I know you’ve either heard it or you’ve said it (or both!). You’re on a long road trip, driving for hours, and inevitably out pops the question, “Are we there yet?” You can hear the whiny voice, can’t you? When I used to fly a lot for work I had a love-hate relationship with that map. You know the one. It has your origin and your destination with a line connecting them and a little symbol of an airplane showing you how far you’ve come on the trip and how far you still have to go. I can’t tell you how many times I’ve checked that, especially on long flights, with the follow up question running through my mind, “How much longer?”
The obvious missing element in the above scenarios is patience. We get impatient with so many things, traffic, in grocery store lines, in lines anywhere! But, we also get impatient with people, loved ones, co-workers, perfect strangers (and imperfect strangers!). Being impatient with situations is bad for us. It effects our blood pressure, heart rate, stomach, etc. Being impatient with people is also bad for us for the same reasons, but it’s bad for the other person as well. It can effect their body like effects ours. But it can also effect them mentally and emotionally to the point of inhibiting their growth.
Patience – Word Nerd Alert
So, what is patience? The English word comes from a Latin root that means “suffering.” One Greek word for “Patience” comes from two words, one meaning long and the other, temper, so it means taking a long time to get angry. Other words mean to bear a load for a long time or to endure hardship. One of my favorites is a Chinese expression. The characters for this “Patience” include one made up of the characters for “knife” and “heart” and one made up of characters for “and yet” and “small.” It seems to mean that patience is taking a knife to the heart and yet considering it a small thing. Wow!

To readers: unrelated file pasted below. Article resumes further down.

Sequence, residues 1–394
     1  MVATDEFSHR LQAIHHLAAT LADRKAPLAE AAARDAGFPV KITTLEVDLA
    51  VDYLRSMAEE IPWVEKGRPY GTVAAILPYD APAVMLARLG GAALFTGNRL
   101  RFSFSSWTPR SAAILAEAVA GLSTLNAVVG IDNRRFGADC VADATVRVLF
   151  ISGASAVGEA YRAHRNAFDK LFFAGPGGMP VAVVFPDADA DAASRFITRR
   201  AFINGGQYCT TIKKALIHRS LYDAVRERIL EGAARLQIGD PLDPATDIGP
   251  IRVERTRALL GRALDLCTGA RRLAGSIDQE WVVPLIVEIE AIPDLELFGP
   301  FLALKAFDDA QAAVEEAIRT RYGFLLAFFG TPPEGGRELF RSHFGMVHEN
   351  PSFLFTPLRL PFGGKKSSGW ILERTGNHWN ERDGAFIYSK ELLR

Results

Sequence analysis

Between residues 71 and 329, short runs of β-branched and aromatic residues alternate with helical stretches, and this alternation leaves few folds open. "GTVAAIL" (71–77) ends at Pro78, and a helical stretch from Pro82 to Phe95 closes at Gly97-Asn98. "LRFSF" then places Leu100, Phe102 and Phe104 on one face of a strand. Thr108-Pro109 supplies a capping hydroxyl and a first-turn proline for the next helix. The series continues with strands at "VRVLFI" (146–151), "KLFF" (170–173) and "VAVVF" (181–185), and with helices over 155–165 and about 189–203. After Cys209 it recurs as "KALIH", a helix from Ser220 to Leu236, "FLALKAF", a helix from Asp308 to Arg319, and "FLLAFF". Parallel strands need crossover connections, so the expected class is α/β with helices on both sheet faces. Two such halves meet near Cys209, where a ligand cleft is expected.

Another, very simple definition of patience is “showing self control.” That seems appropriate when we consider some of phrases we use to express our impatience. “I lost my patience.” “I lost it.” “I went off.” Those expressions mean “I didn’t control myself.”
Patience is a Virtue
Whichever definition we choose, patience is good for everyone. That’s why the saying, “Patience is a virtue.” It keeps us calm which is healthier. But, and I would argue more important, it gives people room to grow. Patience allows people freedom to try things, experiment, make mistakes, fail, and ultimately succeed. Without it people become timid and fearful. With it they become creative and courageous.
Where does impatience come from? If you type that question into the Google search bar you’ll find some good articles on impatience from a psychological perspective. The depth of those articles is beyond my scope. I can say, though, that impatience comes largely from a belief that people and circumstances should align to my goals and timelines. When they don’t, I experience frustration which is akin to anger which is very similar to impatience.
How Do We Do It?
So, how do I become patient? It starts by remembering that the people around me are as interested in their goals and timelines as I am in mine. Are mine more important just because they’re mine? Hmmm, perhaps not. With that in mind, here are a couple things we can do to re-gain self control when we feel our patience running out:
- Take a deep breath and let it out slowly.
- Identify the source of your frustration, what goal is being threatened or what timeline might not be met?
- Think about the actual worst that could happen in this situation.
- If we can’t change the situation without showing impatience then find a way to make the best of it. We might check emails on your phone if you’re in a long line, for example. Be creative.
Showing patience makes for healthier, more productive relationships at home, at work, anywhere. Think about the last time you showed impatience. How did that go? What might you have done differently? Now, plan for the next time a situation like that may come up. How can you show patience?